The Mac is 30 years old and aside from Apple's website, many people are telling their own Mac origin story.
So, following this cool custom, here's my Mac story, or more specifically, the three ways the Mac changed my life.
My first Mac was a handed down 17" PowerBook G4. with a 1GHz processor, 256MB RAM and a 60GB HDD. My father gave it to me when he upgraded to the faster 1.67Ghz PowerBook.
It was an awesome machine, not only for its build quality and power, but it ran OS X Tiger, miles ahead of XP.
To be honest, my first Mac was the original 1984 Mac. I don't remember it, but there's an old picture of a two year old me sitting behind that Mac with some Paint program opened up. But my first real experience I remember was that 17" PowerBook.
I took that machine with me to University, naively thinking it would suffice to run all the graphic programs necessary for my architecture studies. But soon I discovered that a four year old PowerBook and Vectorworks aren't very good friends.
So, in order to get enough money to pay for a brand new Mac, I needed a job. Coincidentally the local Apple Reseller in our town was looking for part time employees. I had a Mac, the job intrigued me, and, as a fresh man studying architecture, I skipped lessons a day per week, and worked every Tuesday and Saturday as an employee at Switch.
I kept working there throughout my entire student life, witnessing the switch to Intel, the release of the iPhone, iPad first line.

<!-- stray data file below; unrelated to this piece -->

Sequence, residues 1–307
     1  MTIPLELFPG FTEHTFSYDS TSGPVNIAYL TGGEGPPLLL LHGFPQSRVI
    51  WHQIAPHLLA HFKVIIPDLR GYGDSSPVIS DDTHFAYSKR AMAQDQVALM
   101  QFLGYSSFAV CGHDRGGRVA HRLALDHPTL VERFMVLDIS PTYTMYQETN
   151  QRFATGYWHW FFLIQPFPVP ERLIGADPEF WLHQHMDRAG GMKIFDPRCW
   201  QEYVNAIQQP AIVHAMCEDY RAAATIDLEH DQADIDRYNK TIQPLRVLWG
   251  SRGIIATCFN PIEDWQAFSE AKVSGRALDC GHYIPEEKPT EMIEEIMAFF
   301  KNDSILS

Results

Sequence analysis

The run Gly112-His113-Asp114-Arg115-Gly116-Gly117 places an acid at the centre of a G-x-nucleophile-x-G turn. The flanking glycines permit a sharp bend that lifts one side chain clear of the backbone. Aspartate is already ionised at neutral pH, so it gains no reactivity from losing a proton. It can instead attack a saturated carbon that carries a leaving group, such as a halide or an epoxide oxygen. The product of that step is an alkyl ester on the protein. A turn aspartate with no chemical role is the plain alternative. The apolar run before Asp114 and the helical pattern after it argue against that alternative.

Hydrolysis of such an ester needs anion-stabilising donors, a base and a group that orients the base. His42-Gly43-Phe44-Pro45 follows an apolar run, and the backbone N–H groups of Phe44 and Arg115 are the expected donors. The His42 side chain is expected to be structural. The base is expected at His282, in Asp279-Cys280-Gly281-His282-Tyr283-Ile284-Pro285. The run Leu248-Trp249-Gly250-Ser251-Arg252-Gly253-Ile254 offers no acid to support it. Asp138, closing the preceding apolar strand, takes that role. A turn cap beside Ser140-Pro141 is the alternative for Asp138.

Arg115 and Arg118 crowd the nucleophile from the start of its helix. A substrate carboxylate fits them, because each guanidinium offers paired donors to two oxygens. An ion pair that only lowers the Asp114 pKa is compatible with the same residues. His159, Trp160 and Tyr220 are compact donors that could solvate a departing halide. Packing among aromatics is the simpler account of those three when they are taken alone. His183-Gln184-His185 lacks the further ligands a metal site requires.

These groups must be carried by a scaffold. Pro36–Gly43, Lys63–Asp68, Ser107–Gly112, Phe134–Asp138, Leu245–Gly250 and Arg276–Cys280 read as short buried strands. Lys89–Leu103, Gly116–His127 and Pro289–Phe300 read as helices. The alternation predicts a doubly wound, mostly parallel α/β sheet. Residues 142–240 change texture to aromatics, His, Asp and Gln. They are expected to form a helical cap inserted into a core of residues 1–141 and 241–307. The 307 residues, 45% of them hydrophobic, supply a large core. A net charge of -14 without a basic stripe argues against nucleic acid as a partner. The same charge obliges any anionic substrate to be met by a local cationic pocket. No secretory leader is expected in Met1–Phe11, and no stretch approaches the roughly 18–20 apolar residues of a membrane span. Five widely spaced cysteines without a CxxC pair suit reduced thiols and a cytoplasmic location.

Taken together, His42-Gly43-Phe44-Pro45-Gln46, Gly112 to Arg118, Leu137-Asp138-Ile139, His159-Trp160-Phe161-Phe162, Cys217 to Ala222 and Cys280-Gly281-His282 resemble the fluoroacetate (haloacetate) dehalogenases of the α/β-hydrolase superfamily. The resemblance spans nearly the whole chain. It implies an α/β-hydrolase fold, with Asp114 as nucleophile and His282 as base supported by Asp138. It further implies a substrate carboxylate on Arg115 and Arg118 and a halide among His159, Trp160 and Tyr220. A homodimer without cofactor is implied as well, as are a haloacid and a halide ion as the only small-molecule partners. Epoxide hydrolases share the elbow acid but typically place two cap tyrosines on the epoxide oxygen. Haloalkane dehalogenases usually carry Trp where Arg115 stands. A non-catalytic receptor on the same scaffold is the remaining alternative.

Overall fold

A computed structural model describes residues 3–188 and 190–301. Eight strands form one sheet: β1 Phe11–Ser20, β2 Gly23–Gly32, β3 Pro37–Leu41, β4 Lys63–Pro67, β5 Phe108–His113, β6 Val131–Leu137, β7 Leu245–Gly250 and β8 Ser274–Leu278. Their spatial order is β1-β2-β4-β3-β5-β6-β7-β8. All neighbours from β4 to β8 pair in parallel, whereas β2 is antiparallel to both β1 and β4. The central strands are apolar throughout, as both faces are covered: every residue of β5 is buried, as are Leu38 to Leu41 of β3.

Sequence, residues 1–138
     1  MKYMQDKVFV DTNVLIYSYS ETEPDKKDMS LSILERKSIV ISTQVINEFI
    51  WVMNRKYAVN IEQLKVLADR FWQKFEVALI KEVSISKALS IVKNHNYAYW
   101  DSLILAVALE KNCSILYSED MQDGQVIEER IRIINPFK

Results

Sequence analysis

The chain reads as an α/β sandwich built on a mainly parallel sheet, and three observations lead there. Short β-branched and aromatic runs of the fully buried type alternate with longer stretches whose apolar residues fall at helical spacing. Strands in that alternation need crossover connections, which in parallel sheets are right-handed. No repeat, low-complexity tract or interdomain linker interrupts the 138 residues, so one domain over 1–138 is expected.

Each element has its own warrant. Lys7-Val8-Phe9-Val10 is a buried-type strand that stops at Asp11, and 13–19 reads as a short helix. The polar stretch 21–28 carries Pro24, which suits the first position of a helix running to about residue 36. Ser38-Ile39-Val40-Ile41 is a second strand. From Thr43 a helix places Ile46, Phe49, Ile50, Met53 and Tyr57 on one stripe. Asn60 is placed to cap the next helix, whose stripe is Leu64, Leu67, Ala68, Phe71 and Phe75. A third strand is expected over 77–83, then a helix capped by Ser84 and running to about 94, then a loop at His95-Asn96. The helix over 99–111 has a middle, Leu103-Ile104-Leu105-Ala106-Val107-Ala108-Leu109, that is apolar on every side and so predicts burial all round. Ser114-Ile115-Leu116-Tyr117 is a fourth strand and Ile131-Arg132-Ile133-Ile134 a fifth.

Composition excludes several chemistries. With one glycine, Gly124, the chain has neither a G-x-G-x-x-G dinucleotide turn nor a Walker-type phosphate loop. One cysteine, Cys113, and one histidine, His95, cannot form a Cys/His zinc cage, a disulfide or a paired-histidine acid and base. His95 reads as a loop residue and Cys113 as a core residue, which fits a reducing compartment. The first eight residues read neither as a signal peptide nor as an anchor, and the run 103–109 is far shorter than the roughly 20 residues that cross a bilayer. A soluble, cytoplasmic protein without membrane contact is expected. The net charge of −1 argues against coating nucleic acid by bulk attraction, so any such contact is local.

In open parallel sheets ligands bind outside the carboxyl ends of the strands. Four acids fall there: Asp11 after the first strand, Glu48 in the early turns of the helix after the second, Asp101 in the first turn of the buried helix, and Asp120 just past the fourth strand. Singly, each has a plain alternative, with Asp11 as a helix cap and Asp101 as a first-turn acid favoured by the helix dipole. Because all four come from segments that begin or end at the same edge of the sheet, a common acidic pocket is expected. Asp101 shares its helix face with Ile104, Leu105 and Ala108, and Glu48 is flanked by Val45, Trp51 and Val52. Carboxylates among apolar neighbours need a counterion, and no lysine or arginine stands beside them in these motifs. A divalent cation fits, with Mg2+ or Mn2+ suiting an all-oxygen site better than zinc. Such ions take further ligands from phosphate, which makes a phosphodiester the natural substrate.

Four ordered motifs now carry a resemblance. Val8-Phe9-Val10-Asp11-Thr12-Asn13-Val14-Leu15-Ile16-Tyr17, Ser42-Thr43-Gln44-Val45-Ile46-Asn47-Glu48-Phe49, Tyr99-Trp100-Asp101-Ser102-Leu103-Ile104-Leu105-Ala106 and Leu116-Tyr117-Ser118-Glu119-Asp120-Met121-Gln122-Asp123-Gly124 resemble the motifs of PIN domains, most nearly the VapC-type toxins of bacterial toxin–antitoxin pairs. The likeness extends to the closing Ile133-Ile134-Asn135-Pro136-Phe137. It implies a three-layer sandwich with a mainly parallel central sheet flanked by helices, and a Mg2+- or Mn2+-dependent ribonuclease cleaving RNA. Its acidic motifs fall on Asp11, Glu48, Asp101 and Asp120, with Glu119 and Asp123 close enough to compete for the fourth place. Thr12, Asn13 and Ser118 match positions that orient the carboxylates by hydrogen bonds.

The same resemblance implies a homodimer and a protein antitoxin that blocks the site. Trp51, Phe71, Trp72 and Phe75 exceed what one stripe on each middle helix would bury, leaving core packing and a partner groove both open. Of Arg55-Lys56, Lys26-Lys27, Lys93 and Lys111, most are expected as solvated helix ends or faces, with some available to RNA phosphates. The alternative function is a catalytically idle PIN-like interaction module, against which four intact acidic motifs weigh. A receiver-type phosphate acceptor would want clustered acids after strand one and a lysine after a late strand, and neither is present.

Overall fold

Although I loved architecture, I was often more interested in trying out new apps on the Mac that where somehow related to my studies, and during exam weeks I was often more a help desk for other student's Mac issues than a regular student.
So by using the Mac for my studies, I discovered that I rather worked with the Mac and support other users, than actually doing what I was learning at school. After graduating I travelled for a whole summer, decided I'd rather do what I loved than do what I studied for, and went working full time for Switch as a service technician repairing Macs and doing first line customer support.
Even while working there as a student, somehow I ended up getting the passwords for a whole lot of backend servers. Apparently, having someone on site who could reboot a server on a busy Saturday was useful for our management, and that occasional server reboot evolved into being the go-to-guy for internal support issues.
Now, seven years later, I'm not helping fellow students with their Mac, I'm not even helping customers anymore, but I'm currently the System Administrator of our company. By working with Macs, I discovered a job I love, a job that's often more life than work, but challenging and rewarding at the same time.
But most importantly, I met my girlfriend at work. Two years later, we're happily living together in Antwerp. So without the Mac, we certainly wouldn't have met.